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Must be original due by Wednesday May 24, 2017 10:59pm USA Eastern time.

Must be original due by Wednesday May 24, 2017 10:59pm  USA Eastern time.

Question: 1


 Watch, listen to, or read the interviews with the late Bill Patrick, Ken Alibek, and Serguei Popov (Nova Bioterror "Interview with Biowarriors").  What do you think of these guys?  What has happened to them since this video was made?

Question 2

a.     Environmental Persistance

The viability of biological threat agents in the environment has been documented for more than a century.  For example, it has been over 100 years since Y. pestis was found in soil outside a home where inhabitants were diagnosed with plague. Seventy years since it was found to survive in soil for more than 40 weeks; and, more recently, it was found to survive in bottled water for 100 days.  Other organisms, e.g. Vibrio cholera, formerly believed to become non-viable after a short time in the environment have been recently discovered to enter a state of stasis during which they remain viable yet not easily cultured until the proper growth conditions appear.

While detecting an attack is of paramount concern for biodefense national security advisors.  Another concern for them is identifying the conditions under which a dispersed agent remains viable.  Read the EPA technical brief Persistance of Category A Select Agents in the Environment and EPA Results from Persistence Testing of Biological Agents (2011).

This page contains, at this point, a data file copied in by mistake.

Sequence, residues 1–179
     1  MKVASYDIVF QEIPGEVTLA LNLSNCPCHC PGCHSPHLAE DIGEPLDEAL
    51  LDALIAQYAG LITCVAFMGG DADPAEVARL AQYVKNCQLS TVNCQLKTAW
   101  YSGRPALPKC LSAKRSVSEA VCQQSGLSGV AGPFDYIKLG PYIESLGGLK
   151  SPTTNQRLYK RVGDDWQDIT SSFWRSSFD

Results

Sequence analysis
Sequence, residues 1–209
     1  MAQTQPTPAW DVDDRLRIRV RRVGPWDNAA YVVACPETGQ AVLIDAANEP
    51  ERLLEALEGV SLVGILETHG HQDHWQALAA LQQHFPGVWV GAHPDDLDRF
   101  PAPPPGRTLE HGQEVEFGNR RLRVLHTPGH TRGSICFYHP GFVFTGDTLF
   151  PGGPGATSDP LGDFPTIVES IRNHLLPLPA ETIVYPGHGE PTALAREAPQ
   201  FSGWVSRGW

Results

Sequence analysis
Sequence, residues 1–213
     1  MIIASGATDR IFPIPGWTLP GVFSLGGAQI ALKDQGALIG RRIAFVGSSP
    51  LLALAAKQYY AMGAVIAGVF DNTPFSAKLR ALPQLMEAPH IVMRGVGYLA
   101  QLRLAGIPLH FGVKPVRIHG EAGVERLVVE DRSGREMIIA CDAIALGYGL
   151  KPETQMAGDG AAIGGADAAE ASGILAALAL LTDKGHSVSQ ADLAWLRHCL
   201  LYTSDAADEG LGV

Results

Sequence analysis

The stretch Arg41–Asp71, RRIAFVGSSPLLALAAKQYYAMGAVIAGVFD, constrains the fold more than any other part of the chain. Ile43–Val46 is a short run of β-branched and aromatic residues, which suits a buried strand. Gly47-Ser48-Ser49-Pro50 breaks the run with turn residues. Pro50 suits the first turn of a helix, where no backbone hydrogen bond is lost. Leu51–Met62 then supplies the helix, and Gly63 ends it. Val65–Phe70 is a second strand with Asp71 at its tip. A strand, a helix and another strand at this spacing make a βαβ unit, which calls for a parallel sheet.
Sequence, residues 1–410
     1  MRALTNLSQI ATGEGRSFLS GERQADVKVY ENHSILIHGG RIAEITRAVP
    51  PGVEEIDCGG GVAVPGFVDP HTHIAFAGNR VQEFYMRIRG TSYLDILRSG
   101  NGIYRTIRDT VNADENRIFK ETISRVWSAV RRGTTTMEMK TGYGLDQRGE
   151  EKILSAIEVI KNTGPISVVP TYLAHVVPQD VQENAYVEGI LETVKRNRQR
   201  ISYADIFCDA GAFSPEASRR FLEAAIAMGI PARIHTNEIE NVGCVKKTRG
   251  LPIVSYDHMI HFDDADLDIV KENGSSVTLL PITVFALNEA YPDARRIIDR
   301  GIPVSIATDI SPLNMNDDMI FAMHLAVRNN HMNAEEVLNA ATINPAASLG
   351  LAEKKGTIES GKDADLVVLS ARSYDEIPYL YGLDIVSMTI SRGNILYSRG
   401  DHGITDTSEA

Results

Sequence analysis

In 2 succinct paragraphs discuss the conditions tested, those conditions that are most conducive to agent survival and the conditions that might be implemented to decrease viabilityMake certain to highlight in your discussion whether or not you are speaking about general environmental survival for Select Agents, in  general, OR if you are highlighting environmental persistence for a specific organism.

 Pawlowski DR, Metzger DJ, Raslawsky A, Howlett A, Siebert G, et al. (2011). Entry of Yersinia pestis into the viable but nonculturable state in a low-temperature tap water microcosm. PLoS ONE 6(3): e17585. doi:10.1371/journal.pone.0017585

Jubair, M., Morris, J., Ali, A. (2012). Survival of Vibrio cholerae in nutrient-poor environments is associated with a novel ‘‘persister’’ phenotype. PLoSONE 7(9): e45187. doi:10.1371/journal.pone.0045187

            b. Dual Use Research

This Discussion Prompt is designed not only to help you understand DURC (Dual Use Research of Concern) but also to provide a  thinking "springboard" as you consider possible topics for your Policy Papers:

From United States Government Policy for Oversight of Life Sciences DURC :

On March 29, 2012, the US Government released the United States Government Policy for Oversight of Life Sciences Dual Use Research of Concern (“March 2012 DURC Policy”) This action established a U.S. Government policy for DURC as applied to a well-defined subset of life sciences research that involves 15 agents and toxins and seven categories of experiments and established regular review by Federal agencies of U.S. Government-funded or conducted research with certain high-consequence pathogens and toxins for its potential to be dual use research of concern.